Sansho is native to Japan. The leaves are usually used as a herb, however, it is often referred to as 'Japanese pepper.' It comes from a plant called the prickly ash which is closely related to the plant that Szechuan pepper is harvested.
Sansho has been used in Japan as herbal medicine to treat diarrhoea and other digestive functions during the Heian era (794 - 1185 AD) and is still believed to benefit bodily functions by some people to this day.
It is very tangy, peppery with a slight numbing quality. Mostly known as yakumi for Unagi (Eel) but there are many more ways to use sansho. Sansho leaves, seeds and even flowers are used in Japanese cooking.
Sansho is ripe in summer. Harvested while they are still green. It resembles caper. Adding unripened sansho to Nimono (slow-cooked meals) will take the smells from meat and fish, and adds a slightly tangy, spicy flavour to the food.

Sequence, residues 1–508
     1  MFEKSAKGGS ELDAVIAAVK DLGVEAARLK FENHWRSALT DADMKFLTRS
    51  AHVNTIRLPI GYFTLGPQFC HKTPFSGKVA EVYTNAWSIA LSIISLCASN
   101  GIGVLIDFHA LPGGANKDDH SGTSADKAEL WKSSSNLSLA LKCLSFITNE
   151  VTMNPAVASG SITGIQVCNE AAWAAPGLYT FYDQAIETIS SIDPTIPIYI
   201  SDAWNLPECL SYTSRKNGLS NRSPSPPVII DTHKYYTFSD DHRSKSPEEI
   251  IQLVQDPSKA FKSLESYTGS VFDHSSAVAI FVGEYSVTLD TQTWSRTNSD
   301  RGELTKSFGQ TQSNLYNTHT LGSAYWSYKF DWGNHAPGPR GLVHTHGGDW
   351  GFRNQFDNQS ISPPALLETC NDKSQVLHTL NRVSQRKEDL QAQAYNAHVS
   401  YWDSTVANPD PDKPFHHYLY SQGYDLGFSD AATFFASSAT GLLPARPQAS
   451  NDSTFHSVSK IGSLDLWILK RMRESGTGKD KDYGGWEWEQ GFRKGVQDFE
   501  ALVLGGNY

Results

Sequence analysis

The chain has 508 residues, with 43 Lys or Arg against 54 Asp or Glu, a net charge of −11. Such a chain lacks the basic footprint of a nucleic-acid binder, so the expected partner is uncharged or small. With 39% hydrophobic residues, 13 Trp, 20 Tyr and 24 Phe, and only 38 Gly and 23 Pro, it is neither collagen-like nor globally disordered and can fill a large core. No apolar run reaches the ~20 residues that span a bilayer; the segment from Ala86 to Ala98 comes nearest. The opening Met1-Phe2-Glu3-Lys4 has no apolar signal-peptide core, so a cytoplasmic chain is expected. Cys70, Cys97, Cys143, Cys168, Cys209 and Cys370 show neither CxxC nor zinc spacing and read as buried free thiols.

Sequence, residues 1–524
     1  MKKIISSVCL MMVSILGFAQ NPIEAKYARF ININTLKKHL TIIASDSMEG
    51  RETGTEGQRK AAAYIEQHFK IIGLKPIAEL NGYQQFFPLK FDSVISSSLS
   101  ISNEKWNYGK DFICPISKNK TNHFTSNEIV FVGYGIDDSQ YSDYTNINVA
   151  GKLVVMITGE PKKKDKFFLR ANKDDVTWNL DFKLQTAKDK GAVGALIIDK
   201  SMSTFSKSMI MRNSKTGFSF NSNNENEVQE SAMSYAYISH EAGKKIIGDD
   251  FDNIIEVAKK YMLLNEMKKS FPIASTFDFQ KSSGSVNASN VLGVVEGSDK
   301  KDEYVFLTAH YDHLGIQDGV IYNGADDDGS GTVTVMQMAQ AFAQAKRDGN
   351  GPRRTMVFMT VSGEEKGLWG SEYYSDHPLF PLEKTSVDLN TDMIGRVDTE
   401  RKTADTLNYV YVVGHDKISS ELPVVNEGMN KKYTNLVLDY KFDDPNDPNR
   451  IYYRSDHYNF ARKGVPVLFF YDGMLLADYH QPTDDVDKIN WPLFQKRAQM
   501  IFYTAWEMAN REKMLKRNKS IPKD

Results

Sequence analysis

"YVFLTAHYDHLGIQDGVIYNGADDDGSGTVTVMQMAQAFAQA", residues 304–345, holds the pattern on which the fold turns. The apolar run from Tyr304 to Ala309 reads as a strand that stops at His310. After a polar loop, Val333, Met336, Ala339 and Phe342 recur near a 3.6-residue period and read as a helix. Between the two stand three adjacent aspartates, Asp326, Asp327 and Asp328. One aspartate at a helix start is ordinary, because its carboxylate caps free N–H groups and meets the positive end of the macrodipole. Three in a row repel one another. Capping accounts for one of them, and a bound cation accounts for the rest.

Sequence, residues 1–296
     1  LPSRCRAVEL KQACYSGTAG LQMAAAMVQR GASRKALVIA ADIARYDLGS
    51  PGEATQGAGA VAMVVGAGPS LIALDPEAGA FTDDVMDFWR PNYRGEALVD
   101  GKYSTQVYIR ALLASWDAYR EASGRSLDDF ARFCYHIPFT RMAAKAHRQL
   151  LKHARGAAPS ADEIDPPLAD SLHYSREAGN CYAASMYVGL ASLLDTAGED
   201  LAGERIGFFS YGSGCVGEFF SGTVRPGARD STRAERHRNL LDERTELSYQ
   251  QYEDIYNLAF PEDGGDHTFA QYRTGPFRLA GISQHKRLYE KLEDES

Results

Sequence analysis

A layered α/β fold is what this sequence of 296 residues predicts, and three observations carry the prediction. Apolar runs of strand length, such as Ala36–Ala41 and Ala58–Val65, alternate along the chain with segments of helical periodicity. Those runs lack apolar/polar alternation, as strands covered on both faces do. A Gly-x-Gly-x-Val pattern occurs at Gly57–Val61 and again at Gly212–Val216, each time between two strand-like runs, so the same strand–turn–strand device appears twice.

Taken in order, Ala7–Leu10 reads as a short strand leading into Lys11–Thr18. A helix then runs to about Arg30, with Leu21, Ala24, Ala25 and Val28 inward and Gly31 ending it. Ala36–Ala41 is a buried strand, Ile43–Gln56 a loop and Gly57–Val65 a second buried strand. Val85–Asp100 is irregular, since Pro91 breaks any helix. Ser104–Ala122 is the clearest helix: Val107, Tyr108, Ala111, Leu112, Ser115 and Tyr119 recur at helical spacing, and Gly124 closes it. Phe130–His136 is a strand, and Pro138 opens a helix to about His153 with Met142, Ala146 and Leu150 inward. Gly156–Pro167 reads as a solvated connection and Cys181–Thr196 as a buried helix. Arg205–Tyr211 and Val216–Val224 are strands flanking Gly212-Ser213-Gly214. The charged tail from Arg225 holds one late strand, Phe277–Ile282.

Ripened Sansho is used for sansho powder. When its ripened, red and dried it can then be powdered. That result is the sansho spice that is used on unagi.
It is used as an accent for some dishes. Not as spicy and tangy as the seeds. It is added to some nabe hot pot meals and Aemono (vinegar and dressed dishes).
Sansho leaves are called kinome. Leaves are used as a herb, for toppings. It adds a slight citrus-ish flavour to the food. Also, it is used in miso paste sometimes, it gives miso a unique tangy taste to it.
Tobaya is a Japanese vinegar producer that has been in business for over 300 years. They use traditional methods to produce their vinegars, using only the highest quality ingredients and carefully controlling the fermentation process to ensure the best flavour and quality.